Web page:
Like a typical 12-year-old boy, Edward Migliore loves to climb trees.
The thought this South Brunswick sixth grader – the son of Paul and Carol Migliore – could today pull himself up the branches of a neighborhood tree, however, would seem to be no short of a miracle to those who know his story.
Two years ago, two-thirds of Edward’s femur was removed after he was diagnosed with a rare form of bone cancer. Following surgery, 14 rounds of chemo and more than a year of rehabilitation at Edward is out of his wheelchair and – most importantly – free of cancer.
His journey was literally taken one step at a time.
“When I first came to physical therapy, I couldn’t have really walked without someone being right next to me while I was on my crutches,” Edward said. During surgery, most of his cancerous femur was replaced by a metallic rod. “By the last treatment (about a year later), I needed no crutches, no cane … nothing.”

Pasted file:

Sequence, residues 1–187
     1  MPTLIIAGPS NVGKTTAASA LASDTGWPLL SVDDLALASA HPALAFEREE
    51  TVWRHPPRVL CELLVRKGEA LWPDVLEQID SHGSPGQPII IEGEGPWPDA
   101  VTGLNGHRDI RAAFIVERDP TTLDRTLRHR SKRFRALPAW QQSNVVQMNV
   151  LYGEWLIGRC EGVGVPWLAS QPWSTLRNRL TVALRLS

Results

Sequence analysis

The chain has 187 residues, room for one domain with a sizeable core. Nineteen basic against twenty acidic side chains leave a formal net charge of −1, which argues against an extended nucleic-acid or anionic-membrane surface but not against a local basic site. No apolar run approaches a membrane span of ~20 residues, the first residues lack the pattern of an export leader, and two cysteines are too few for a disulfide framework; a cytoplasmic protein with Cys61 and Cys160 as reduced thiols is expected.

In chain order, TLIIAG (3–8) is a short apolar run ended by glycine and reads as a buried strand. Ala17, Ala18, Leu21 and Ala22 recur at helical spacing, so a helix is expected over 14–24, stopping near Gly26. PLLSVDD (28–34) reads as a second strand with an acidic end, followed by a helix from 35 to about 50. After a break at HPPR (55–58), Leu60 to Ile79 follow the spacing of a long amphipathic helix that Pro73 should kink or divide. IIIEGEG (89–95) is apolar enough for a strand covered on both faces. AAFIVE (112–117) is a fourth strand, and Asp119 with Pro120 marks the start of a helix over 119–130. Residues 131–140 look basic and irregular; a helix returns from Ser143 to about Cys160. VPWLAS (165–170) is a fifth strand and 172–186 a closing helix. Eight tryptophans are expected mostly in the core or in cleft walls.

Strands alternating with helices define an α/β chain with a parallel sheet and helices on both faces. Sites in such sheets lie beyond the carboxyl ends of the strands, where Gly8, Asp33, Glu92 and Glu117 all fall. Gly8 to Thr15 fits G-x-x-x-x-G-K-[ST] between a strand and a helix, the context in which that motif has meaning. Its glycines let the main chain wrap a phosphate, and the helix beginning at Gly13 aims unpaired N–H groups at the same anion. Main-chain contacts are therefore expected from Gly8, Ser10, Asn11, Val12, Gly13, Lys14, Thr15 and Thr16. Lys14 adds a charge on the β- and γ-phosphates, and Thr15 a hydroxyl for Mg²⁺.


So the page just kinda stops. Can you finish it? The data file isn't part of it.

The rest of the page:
According to physical therapist (and co-founder) of Jersey Physical Therapy, Marc Rubenstein, physical therapy played a vital role in more than building strength, flexibility, comfort and improving function in Edward’s right leg. It also served to maintain Edward’s strength and stamina through his final chemo treatments – a common benefit physical therapy offers patients of all ages and various types of cancer.
“We’ve helped a number of patients with cancer restore strength and functionality,” Rubenstein said. “There’s a large population that can benefit from these physical therapy treatments, and perhaps it’s underutilized.”